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    @Felix B. I will ignore the fact that this comment is totally irrelevant to the question itself, but nevertheless I think there is no basis for this "bet" of yours (nor there is any basis to say it is false). It is just speculation, based on some obscure criteria that wasn't provided in your comment in any way. You could easily prove me wrong by adding some concrete evidence that these companies will fail. But this would probably start an unecessary conversation in the comments that wouldn't at all be helpful to OP. Oct 16, 2020 at 10:40
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    @SirArthur7 "Duales Studium" means that you will spend half the time studying, half the time as an intern for a company. The company pays you during your time studying and during your internship (I think I heard something like 1000/month - but it depends on the company not sure if that is good or bad). You also have to apply to the company for that (how good is your German now?) and the theoretical education is not quite as good as at university (you can only do that up to bachelors level I think) but you can do a masters at uni afterwards I think.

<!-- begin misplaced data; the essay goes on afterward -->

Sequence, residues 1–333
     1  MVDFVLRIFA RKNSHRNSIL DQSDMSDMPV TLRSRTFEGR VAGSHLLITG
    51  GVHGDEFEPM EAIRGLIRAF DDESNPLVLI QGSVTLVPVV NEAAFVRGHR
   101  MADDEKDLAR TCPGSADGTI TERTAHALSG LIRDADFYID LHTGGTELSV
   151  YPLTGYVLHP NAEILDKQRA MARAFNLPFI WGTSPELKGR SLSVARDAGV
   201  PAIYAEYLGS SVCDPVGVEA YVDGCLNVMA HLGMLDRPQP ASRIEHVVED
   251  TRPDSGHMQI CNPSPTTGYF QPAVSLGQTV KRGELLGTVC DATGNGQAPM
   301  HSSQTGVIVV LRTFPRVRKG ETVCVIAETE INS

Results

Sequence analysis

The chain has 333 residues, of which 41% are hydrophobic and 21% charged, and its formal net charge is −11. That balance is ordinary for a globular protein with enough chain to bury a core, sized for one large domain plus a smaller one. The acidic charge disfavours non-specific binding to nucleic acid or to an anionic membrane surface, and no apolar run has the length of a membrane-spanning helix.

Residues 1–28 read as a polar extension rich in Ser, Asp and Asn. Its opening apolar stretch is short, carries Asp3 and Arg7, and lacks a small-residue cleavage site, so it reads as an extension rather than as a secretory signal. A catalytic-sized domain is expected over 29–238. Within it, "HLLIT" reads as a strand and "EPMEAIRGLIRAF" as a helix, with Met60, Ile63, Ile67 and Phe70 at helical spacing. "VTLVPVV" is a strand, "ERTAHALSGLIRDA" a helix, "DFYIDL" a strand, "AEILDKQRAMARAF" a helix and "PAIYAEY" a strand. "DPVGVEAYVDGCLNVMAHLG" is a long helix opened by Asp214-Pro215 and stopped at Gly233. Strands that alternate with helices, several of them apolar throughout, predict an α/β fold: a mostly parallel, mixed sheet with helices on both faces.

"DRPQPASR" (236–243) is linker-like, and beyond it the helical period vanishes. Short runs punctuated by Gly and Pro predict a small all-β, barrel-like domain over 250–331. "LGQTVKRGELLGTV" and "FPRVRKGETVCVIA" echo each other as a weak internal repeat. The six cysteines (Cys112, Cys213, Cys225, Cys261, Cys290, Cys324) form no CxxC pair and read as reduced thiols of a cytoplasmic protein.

– Felix B.
    Oct 16, 2020 at 16:22

3 Answers 3


You likels have nearly zero chance unless you make a career in this field somewhere else first.

Part of the problem is that those departments are SMALL and a lot of people want to work there and all major german cities have local universities. Even if you are good - you compete with people that can plan their career AND make connections while in university by taking summer jobs and internships there, or go there and try to meet people in person. It is not only "being in germany" - you must be LOCAL. I.e. Stuttgart for Porsche (located in a suburb), Munich or surrounding area for BMW.

  • You're right, there are probably some 200 job openings at engineering/R&D at BMW worldwide, similar stats for others as well. They have their own reservations (practically every university and company does). But how much is the scope at Detroit? Can I expect the Germans (or anyone for that matter), not to get any undue edge over me there? I could consider doing an MS in a required field, any sort of specialization in Germany. I also heard that many of them sponsor international students for apprenticeship during their graduate course. Do you know anyone in this sector who could help me out? Oct 14, 2020 at 18:45